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Maintaining Truck Speed on a 6% Hill Grade

Truckers making deliveries in San Francisco would laugh at other truckers talking about a 6% hill grade as if it were worrisome. Prentiss Street between Powhattan Ave and Chapman has a hill grade greater than 37%, San Francisco itself is a virtual roller-coaster for drivers. Even the street with the most curves, the famous Lombard, has a 14% grade.

Did you know that an Interstate highway with a hill grade greater than 7% is out of standards for highways designed for use by tractor-trailers and requires a truck lane? The percentage of grade is more a discussion for highway designers than truckers. They study weight-to-power values in a variety of trucks, speed and distance plots, estimated performance for tractor-trailers in various classes and tandem configurations, such as doubles and triples to decide on an acceptable grade. A necessary question for discussion during the design of a highway is, at what grade does a truck’s loss of speed become worrisome enough to add a truck lane? A truck’s lost speed on higher hill grades leads to an increase in accidents. This also applies to vehicles towing recreational vehicles and buses.

Truckers know they must navigate those hills to deliver their load, end of discussion. They know how worrisome and irksome driving up and down a tricky 6% hill grade in California can be with a full load. For most, coming down one of these is more nerve-wracking than going up. But, there are tricks to doing both and maintaining your truck’s speed.

Going up a 6% Hill Grade

Until you become a veteran at this, going up a 6% grade can be a trying experience, particularly with a full load. The ability of hill-climbing for a truck depends on engine torque. The ascent It is not as harrowing as the descent, but it will require practice before it becomes second nature and maintaining your speed during those first few runs can be challenging. Some may want to practice with an empty truck out there in the San Gorgonio Pass and Coachella Valley in the Riverside and San Bernardino County areas, though there are many other places out in Inyo, Tulare, or Kern counties.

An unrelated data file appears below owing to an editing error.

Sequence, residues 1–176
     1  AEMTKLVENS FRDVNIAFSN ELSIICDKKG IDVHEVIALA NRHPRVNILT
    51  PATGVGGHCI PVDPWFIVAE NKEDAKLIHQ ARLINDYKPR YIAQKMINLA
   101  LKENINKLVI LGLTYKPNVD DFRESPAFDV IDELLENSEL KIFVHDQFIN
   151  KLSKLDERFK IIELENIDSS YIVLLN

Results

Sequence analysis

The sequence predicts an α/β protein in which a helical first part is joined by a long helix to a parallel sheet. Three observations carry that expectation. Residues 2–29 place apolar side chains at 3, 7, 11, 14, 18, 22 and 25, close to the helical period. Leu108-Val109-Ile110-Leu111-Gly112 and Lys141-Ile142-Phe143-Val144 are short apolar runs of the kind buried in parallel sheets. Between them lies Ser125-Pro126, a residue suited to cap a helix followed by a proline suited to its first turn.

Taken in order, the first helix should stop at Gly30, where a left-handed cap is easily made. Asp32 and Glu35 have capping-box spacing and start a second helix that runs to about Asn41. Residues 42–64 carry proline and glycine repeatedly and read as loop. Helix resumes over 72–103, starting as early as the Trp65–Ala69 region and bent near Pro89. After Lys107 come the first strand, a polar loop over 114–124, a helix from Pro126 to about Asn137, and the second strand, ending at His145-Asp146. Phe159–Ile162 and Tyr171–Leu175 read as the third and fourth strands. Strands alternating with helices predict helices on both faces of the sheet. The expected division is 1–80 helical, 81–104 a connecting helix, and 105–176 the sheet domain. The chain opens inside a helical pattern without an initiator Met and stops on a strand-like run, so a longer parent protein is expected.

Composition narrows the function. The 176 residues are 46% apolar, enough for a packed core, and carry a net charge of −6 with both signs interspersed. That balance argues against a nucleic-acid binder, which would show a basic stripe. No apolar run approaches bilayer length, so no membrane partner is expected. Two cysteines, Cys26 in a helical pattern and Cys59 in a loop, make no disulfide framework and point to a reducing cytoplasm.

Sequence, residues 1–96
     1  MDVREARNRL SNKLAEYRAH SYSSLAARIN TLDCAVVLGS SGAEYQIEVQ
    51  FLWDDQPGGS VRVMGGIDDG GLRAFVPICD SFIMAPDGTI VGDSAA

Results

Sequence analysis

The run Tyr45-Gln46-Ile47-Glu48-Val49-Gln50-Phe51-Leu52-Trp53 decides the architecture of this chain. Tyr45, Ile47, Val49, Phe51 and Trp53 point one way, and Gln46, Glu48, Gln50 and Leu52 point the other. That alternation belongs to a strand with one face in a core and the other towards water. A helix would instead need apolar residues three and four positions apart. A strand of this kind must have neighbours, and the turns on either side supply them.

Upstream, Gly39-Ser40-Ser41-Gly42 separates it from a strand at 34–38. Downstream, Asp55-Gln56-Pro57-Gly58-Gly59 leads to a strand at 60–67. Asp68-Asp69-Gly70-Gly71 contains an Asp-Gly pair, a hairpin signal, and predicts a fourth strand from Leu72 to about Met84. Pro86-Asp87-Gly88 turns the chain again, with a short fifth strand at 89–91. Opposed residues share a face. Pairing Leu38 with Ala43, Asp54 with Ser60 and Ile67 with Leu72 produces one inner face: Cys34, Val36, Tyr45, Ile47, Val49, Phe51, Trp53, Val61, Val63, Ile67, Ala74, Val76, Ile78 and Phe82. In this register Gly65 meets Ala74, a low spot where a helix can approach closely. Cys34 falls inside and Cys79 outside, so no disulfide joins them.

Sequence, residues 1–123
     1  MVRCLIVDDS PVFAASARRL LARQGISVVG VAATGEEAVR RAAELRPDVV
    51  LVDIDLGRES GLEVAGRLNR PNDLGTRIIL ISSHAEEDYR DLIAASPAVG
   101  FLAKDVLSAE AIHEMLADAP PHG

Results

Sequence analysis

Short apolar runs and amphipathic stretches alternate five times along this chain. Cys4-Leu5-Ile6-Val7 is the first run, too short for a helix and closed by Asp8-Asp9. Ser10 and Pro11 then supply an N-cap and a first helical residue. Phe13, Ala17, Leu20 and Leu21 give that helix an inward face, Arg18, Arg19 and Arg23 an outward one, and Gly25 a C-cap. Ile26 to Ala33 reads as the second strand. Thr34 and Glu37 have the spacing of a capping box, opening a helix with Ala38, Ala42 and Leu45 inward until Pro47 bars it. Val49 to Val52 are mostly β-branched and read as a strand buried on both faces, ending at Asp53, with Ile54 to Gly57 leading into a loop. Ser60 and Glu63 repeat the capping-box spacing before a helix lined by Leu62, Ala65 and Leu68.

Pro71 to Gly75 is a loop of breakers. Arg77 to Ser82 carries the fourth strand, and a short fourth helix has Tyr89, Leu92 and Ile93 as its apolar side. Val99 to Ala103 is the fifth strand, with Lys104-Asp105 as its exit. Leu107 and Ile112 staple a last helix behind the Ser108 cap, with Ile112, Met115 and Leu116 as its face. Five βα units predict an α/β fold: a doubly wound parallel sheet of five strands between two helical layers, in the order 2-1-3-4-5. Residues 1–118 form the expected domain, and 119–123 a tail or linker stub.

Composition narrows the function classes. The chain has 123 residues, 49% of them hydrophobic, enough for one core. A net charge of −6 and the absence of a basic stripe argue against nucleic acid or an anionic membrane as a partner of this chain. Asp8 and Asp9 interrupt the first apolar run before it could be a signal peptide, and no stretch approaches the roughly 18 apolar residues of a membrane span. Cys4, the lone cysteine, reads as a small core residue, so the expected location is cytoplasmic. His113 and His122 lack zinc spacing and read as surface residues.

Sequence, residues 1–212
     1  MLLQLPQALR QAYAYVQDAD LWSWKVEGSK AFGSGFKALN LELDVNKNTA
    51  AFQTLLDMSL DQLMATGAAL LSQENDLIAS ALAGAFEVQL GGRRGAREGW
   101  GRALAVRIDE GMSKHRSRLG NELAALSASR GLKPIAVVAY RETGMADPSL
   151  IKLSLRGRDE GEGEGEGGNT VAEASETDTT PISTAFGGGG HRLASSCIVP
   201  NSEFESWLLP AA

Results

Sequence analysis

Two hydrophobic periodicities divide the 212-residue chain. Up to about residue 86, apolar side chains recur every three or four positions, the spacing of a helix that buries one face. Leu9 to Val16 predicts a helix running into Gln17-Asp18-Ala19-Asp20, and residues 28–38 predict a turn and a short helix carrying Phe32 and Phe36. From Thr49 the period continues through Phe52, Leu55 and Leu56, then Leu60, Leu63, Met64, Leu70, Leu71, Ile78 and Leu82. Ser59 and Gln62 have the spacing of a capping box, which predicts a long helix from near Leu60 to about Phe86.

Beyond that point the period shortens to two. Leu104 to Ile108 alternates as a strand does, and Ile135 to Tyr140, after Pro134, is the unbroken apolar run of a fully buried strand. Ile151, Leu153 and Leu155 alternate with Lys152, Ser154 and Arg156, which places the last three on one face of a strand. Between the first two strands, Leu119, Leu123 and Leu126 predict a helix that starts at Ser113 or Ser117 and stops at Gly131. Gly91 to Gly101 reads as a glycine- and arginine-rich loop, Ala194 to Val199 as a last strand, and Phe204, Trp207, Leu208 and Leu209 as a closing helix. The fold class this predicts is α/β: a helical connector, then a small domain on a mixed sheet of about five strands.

Going down a 6% Hill Grade

There is a state-wide 55 mph speed limit restriction as prescribed by California Vehicle Code (CVC) sections 22348-22406 for all vehicles towing a trailer and many buses, this also limits these vehicles to the “slow lane.” Unless a local authority decides that 55 mph is too fast for the hill grade, such as out there on I-15 through the Cajon Pass southbound, where it is posted 45 mph for truckers. There is further clarification on that in CVC 22407, which discusses “decreasing truck speed limit.” The code specifically discusses three axle vehicles and gross vehicle weight, so a two-axle bobtail is exempt from the reduced speed limit unless it exceeds the gross vehicle weight or is carrying explosive materials, though some inexperienced sheriff’s deputies may not see it that way and ticket you anyway.

As mentioned, going down is usually a lot more difficult and intimidating than going up. It used to be recommended that trucker drivers descend slowly while steadily applying the brakes, a method known as “controlled braking.” This was based on an outdated theory, though some older truckers still used this approach because that was what they were taught and it is still taught in some training center.

The new recommended method is “snub braking”: 1) Select the appropriate gear for the specific grade (this should be a lower gear), 2) allow the truck to speed up to a safe speed as it descends the hill, 3) apply the brake hard until it slows the truck in 5 mph intervals, and 4) repeat the cycle. Many manuals state that to understand how this works to keep all the brakes cool, you must comprehend a procedure for air brakes called, “pneumatic balance,” which evens the pounds-per-square-inch (psi) applied to all brakes.

Why You Need Not Fear the 6% Hill Grade

Although there are those truckers who are intimidated going down a 6% hill grade, most know it is simply a matter of applying the fundamentals in any road conditions. After a few times, it’s likely you will learn to navigate the hills of California by applying the fundamentals and adhering to the CVC.

In all that you do, keep an eye on the truck’s RPMs. And, always take road conditions, the terrain, and traffic conditions into account when determining a safe speed, no matter what the posted speed limit. You do all this and you’ll be right as rain driving that tractor-trailer up and down the hills of California.

If you were ticketed for what you believe to be an unjust ticket, “going too fast for conditions,” tailgating, or exceeding the posted speed limit give Bigger & Harman a call, 661-349-9300. We can also correspond by email attorney@markbigger.com. Scan a copy of your ticket and send it to us along with the details surrounding the ticket and we will reply as soon as possible with a recommended defense. There are many DMV processes, technicalities, and circumstances that could apply to your situation.

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